(NEW YORK) -- Nearly one year after the condominium collapse in Surfside, Florida, that killed 98 people, federal investigators said Thursday that there are "many factors" that likely contributed to the failure.
During an online presentation to the National Construction Safety Team Advisory Committee, one of the lead federal investigators, Glenn Bell, said the National Institute of Standards and Technology has not "ruled out any scenarios" and currently has "about two dozen hypotheses" that are being "actively considered" in its ongoing investigation.
None of the hypotheses is considered a "leading theory" at this point, he said.
Champlain Towers South, a 13-story oceanfront residential building in Miami-Dade County, partially collapsed overnight on June 24, 2021. The rest of the building was demolished 10 days later due to concerns over structural integrity.
"I've been investigating and studying structural failures for over 40 years and I can say that this investigation is one of the most difficult and complex of its type ever undertaken," Bell told the committee.
Bell said that even after nearly a year of analysis, there remains no "clear initiating event" that triggered the failure. He pointed to several possibilities that NIST is investigating, including the corrosion of the reinforcing steel in the plaza slab of the building, and the possible impact of the construction of a neighboring condo building.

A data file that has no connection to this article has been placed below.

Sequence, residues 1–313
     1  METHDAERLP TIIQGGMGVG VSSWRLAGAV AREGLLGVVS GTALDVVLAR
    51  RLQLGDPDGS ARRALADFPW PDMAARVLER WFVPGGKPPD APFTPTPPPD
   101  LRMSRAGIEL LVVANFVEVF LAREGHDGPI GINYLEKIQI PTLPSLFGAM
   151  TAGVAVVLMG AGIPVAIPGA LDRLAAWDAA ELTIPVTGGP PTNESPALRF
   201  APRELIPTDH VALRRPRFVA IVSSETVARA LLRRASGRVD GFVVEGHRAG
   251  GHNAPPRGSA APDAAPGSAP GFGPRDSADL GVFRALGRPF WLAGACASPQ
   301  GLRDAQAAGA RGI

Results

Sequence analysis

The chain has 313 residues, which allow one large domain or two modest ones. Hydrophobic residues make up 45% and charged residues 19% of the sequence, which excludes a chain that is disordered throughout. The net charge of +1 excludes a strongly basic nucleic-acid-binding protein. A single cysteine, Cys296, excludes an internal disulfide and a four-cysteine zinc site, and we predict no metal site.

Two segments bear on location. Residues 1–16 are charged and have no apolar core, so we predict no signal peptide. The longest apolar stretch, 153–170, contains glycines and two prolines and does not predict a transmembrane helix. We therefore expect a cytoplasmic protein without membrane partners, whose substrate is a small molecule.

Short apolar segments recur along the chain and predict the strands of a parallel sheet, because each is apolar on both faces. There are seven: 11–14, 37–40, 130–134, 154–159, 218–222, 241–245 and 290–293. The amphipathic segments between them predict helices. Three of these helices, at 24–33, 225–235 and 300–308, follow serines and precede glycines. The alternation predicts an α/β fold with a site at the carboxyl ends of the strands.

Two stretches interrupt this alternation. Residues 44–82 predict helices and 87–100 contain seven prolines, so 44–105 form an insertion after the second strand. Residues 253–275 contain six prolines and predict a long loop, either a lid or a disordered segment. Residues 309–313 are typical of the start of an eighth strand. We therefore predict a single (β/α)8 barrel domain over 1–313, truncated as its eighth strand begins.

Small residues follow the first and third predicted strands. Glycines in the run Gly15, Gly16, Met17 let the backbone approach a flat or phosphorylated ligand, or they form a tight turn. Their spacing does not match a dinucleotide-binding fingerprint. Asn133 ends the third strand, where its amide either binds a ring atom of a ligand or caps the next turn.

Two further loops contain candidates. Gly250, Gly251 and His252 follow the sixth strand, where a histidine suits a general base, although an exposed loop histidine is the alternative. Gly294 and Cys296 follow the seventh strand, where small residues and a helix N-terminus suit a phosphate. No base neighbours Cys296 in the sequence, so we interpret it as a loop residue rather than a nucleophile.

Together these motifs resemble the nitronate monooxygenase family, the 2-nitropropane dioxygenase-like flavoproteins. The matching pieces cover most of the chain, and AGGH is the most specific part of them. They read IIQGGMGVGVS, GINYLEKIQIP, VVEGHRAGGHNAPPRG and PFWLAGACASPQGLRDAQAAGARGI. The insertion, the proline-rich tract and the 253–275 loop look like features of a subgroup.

Other possibilities Bell mentioned are the possible impact of climate change that may have affected the foundation of the oceanfront structure, and the construction of a penthouse that exceeded local height restrictions.
Bell said NIST is also reviewing public and private recordings related to the building, and conducting interviews with people who have knowledge of the design and construction practices that were prevalent in South Florida at the time of building's construction.
"Why did the structure stand and then partially collapse after 40 years? What changed in the loading and/or the strength of the structure? There are no clear answers to these questions either," Bell said.
At the end of the investigation, NIST plans to publish a written report and create several "realistic animations" to convey their findings.
The agency does not yet have a timeline for when the investigation will be concluded.
"The entire team is driven and committed to getting to the bottom of what happened at Champlain Towers South," said Dr. Judith Mitrani-Reiser, NIST's associate chief of materials and structural systems. "After we determine the causes of collapse, we will prepare recommendations for codes, standards, and practices, and any continued research indicated by our findings, so that a disaster like this never happens again."
Last month, lawyers announced a proposed settlement reached for families of those who died in Champlain Towers South would exceed $1 billion.
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